We the devotees believe totally in God and go to temples regularly ~ it is not simply a habit but a belief – totally immersed belief – the one of surrendering ourselves in the Lotus feet of the Lord. When we visit the various temples, often we feel sad over the poor maintenance and derelict attitude of those managing the temples. The Vaishnavaites call them ‘108 Divyadesams’ – similarly for Saivaites there are 275 – ‘Paadal Petra Stalams’ – of which 32 are in the Tondai Nadu. Some are big, some small – all equal in divinity …. In the city of
is the famous Thiagarajaswamy temple at Tiruvotriyur. This temple is several centuries old,
eulogized by poets, scholars and devotees alike, affirms the splendor of Chennai ’s
religious tradition and spiritual ethos. India
Tradition holds that this Shiva stala was the first temple ever on the face of the earth and was called ‘Adipuri’ (‘the primordial town’). In the same vein, the moolavar here is called Adipureeswarar. Shiva is present as Agni or fire. He is also present as a swayambu lingam of earth covered with a kavacham removed only on the occasion of the Karthikai Full Moon. The place “Thiruvotriyur” existed many centuries earlier to the formation of Chennapatnam.
By some accounts it is stated that the great grammarian Pannini sat in penance here and worshipped with staunch devotion obtaining the sutras which formed the basis of his exponential treatise on Sanskrit grammar. From 1835 to 1858, Sri Ramalinga Adigalar visited Otriyur everyday, for 23 years and received the blessings of Sri Thiagarajaswamy. Sri Ramalinga Adigalar composed 31 verses on Shiva titled Ezhuttariyum Perumal Maalai’ and 102 verses on Shakthi titled ‘Vadivudai Manikka Maalai’.
Now this place is in news for wrong reasons…… Historians, archaeologists and devotees are up in arms against the renovation of Thyagarajaswamy temple, popularly known as Sri Vadivudai Amman temple, in Tiruvottiyur ~ reports The Hindu newspaper.
The Tirupati temple had planned to cover Vijayanagara inscriptions with gold sheets but the courts dismissed the idea. The Hindu Religious and Charitable Endowments (HR&CE) department had replaced the flooring in the Parthasarathy temple with granite but devotees objected to it, Dr. Nagaswamy said. According to S. Swaminathan, author of several books on temples, the inscriptions serve as proof of our history. “There are methods for the preservation of 1,000-year-old inscriptions. The stones have remained there for centuries. What is the need to move them now? Can an executive engineer replace a stone in the Taj Mahal?” he said.
T.R. Ramesh, president, Temple Worshipers Society, said a few slabs of inscriptions were broken when they were moved without adequate care. “Damage has been done to not just the inscriptions but also to some Shiva lingams. The temple had 11 ‘ekadasa rudra’ Shiva lingams that are now in a shambles,” he said.
An official in the HR&CE department, which manages the affairs of the temple, said the stone inscriptions on the floor near the Durgai Amman Sannidhi in the Aadhipureeswarar shrine were removed so they could be reinstalled in a suitable spot. Similarly, lingams behind the Aadhipureeswarar Sannidhi were removed to be placed on a dais. “The flooring in the temple is being redone,” the official said, adding “the inscriptions were placed wrongly on the floor, in the past. Usually, they are found on the walls of old temples. In order to safeguard the inscriptions, they are being re-installed suitably so the public can view them.”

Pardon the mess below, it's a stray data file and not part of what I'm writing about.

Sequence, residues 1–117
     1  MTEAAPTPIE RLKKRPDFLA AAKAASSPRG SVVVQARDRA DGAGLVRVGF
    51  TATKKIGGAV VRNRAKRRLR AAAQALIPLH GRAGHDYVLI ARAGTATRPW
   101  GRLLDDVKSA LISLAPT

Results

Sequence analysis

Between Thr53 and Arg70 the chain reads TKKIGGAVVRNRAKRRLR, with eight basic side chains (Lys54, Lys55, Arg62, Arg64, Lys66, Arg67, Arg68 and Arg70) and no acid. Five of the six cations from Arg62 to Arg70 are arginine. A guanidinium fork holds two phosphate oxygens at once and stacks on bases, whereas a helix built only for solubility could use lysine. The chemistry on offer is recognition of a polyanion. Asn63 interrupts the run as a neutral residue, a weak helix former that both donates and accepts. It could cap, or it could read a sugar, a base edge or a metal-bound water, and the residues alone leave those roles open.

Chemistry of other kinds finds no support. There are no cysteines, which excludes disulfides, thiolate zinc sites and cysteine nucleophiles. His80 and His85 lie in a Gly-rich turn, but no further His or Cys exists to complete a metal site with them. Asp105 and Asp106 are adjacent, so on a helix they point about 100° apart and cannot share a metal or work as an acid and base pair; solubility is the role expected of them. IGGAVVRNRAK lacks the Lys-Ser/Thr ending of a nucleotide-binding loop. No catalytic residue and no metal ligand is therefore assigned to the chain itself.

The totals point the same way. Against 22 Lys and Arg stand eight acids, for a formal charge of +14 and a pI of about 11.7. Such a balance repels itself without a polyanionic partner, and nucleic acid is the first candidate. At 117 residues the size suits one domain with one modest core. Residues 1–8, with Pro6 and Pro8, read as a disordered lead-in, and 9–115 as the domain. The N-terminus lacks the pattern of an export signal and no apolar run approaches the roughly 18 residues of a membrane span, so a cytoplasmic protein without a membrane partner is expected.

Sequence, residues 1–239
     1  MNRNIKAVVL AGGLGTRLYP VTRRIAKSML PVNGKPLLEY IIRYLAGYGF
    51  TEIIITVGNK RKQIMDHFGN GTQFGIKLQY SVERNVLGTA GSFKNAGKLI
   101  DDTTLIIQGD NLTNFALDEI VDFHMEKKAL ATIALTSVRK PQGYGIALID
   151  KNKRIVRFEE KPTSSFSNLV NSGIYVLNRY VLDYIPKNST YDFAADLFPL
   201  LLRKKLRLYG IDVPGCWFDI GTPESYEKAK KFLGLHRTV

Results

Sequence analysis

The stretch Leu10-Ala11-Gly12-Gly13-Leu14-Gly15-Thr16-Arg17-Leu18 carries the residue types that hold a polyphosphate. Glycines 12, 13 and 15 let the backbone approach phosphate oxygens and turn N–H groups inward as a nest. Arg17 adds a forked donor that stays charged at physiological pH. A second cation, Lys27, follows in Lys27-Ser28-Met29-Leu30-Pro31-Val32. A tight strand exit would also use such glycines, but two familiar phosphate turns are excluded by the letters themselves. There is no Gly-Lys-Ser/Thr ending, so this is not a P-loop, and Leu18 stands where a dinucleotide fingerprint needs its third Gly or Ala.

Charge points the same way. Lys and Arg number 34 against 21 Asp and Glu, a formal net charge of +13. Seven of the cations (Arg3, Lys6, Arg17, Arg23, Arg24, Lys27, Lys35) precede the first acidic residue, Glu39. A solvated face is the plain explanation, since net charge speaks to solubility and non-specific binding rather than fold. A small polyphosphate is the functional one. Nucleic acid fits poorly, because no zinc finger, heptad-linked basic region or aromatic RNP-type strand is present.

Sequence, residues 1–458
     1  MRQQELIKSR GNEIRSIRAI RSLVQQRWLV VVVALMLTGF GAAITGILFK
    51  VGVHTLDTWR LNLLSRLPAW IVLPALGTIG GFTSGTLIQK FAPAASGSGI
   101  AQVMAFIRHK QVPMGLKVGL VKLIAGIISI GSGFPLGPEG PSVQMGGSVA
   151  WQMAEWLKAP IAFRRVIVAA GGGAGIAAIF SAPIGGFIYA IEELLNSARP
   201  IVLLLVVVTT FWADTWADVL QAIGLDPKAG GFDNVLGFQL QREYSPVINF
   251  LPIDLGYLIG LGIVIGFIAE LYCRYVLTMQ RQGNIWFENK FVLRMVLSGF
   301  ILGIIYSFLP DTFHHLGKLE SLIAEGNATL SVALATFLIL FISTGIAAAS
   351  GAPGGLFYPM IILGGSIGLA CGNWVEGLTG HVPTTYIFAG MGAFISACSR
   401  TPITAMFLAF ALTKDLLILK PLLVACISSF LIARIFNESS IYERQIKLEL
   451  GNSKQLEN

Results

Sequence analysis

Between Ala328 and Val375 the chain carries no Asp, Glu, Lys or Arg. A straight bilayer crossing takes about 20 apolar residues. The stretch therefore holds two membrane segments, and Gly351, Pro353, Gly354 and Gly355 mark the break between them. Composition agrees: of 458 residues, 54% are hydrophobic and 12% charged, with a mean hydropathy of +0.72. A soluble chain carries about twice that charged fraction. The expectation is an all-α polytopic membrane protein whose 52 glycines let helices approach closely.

sad state of neglect... the temple - management !!!!
On a different plane, photograph taken by a research scholar of the State archaeology department on her mobile phone has helped unearth rare Chola-era paintings at an Adipuriswarar (Lord Shiva) temple in Tiruvottiyur. The findings, archaeologists said, were rare as this is the first time paintings of the Chola era have been discovered in Chennai, which experts believe was only a peripheral part of the ancient dynasty.
A team of archaeologists and epigraphists led by S. Vasanthi, commissioner-in-charge of the archaeology department arrived at the temple, and having inspected the wall, found that the painting, and others around it, were genuine. They were confirmed as belonging to the Chola era, due to their colour and unique style. The colours yellow and red, a senior archaeologist said, were predominant in Chola paintings, while in those of the Vijayanagara era, blue — especially peacock blue — was the primary colour. While the panel or framework of the paintings is about 8.5 feet high and 1.5 feet wide, the visible portion of the paintings only stretch to 3.5 feet on the wall. An archaeologist said the painting was possibly the work of Chola King Parantaka – I (907– 951 A.D) and depicts Lord Shiva adorned with gold ornaments on his chest and waist. A unique feature of the painting, he said, was the style of the head-gear in it – a knot with flowers atop it.
The significance of the paintings, according to archaeologists, lies in the fact that during the Chola era, Tiruvottiyur and its adjoining area Thondai Mandalam, were considered a buffer area on the northern portion of the kingdom, between the warring dynasties – the Chalukyas and the Cholas, in ninth century A.D. As a result, these areas were very well maintained by the Cholas to ensure that they did not fall into the hands of their rivals, the Chalukyas. And so, the localities were well kept and beautified and temples here were elaborately painted.
All that is history as the
authorities are destroying its antiquity Temple
without concern for its heritage values.
Photos of the temple : courtesy www.vadivudaiamman.org and recent photo and news courtesy : the Hindu newspaper.